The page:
“It’s in remarkably good nick except for one end where we think water trickling down has degraded the lead, so we could just see the feet. They look to be in very good condition, so we hope to learn a lot more from the bones.”
Another body has been recovered from the Leicester car park where the remains of Richard III were discovered last year – but while a king of England was bundled into a hastily dug hole slightly too short for his corpse, the mystery man was buried in splendour, his body sealed in a lead coffin placed in a handsome limestone sarcophagus.
The stone lid was lifted carefully by hand last week. Archaeologists from Leicester University expected to find a fragmentary skeleton, since the weight of the lid and centuries of soil on top of it had long since crushed the sides of the box. Instead, to their surprise, they discovered an inner lead coffin, carefully soldered on all sides, its lid decorated with a cross.
“It’s in remarkably good nick except for one end where we think water trickling down has degraded the lead, so we could just see the feet. They look to be in very good condition, so we hope to learn a lot more from the bones,” said the site director, Matthew Morris.
Last year in the first hour of the first day of excavation, Morris found what proved to be Richard’s body. The new remains, probably buried more than a century before Richard’s death on the Bosworth battlefield in 1485, are now in the same university laboratory where the king rested before a battery of tests revealed to the world that the last Plantagenet had indeed been found. The scientists and bone experts intend to open the coffin under carefully controlled conditions over the coming winter.
Morris has records of three named individuals also buried near Richard at the choir end of Grey Friars church, including the Monty Pythonish “knight called Mutton, sometime mayor of Leicester” – probably Sir William de Moton who died in the late 1350s. Two leaders of the English Franciscans, Peter Swynsfeld who died in 1272 and William of Nottingham who died in 1330, are also known to have been buried there. However, since Morris has already found seven burials it may never be possible to identify the bodies.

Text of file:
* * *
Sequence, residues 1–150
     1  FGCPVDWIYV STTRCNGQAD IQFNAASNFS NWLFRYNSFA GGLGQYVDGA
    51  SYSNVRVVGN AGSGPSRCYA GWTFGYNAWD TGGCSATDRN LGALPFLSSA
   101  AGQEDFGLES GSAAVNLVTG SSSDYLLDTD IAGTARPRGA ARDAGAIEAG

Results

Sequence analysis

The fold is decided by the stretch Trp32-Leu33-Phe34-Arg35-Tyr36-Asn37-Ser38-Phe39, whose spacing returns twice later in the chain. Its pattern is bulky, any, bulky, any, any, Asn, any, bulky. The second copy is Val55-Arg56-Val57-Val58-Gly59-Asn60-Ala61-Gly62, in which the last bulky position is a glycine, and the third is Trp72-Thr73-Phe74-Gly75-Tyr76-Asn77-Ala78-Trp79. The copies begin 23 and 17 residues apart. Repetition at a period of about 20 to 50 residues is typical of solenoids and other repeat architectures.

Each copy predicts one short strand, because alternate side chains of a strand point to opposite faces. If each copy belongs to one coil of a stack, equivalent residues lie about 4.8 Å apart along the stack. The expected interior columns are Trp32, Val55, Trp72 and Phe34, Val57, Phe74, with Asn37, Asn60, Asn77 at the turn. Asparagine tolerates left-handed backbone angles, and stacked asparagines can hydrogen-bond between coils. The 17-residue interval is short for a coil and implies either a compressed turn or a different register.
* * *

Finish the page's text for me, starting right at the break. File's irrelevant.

In the last month the team has ripped up the council car park again to find out more about the Grey Friars abbey, whose monks bravely claimed and buried the body of the dead king after it was humiliated on the battlefield and exposed naked in the town. “This is the site that keeps on giving,” Morris said.
They have also exposed more of Richard Herrick’s garden path. The wealthy local merchant bought the abbey ruins and built a house with a garden where, according to Christopher Wren, father of the famous architect, Herrick marked the site of the grave with an inscribed pillar. The newly found stretch, which incorporates rubble from the medieval buildings and even some Roman brick, points straight towards the grave.
Historians suggest that although Henry VII later paid for a monument over Richard’s grave – destroyed in the dissolution of the monasteries when the ruins were stripped of anything saleable, including what was probably a splendid monument for the mystery man – he may have hoped that in a minor church in a provincial town the last Plantaganet would soon be forgotten. In fact the cult of Richard lived on.
A small exhibition in the Guildhall, which will be expanded in the new visitor centre planned to open next year, contains many fake relics of the dead king, including a scrap of carved wood and textile claimed to be part of the bed where he spent his last night in the Blue Boar Inn – though actually the item dates to the 17th century. Likewise a sword allegedly left behind in the inn, which is really a theatrical prop joined to a genuinely ancient blade.
Despite passionate rival claims from York, Leicester intends to rebury the king magnificently next year. The cathedral, less than 100 yards from the grave where he lay hidden for so long, first announced plans for a simple memorial slab in the floor covering his new burial space, similar to the present memorial that was installed 30 years ago. Many, including members of the Richard III Society, felt the historic importance of the remains – and the worldwide interest in them – demanded something more elaborate, and the cathedral has now launched a £1m appeal for a handsome raised tomb.
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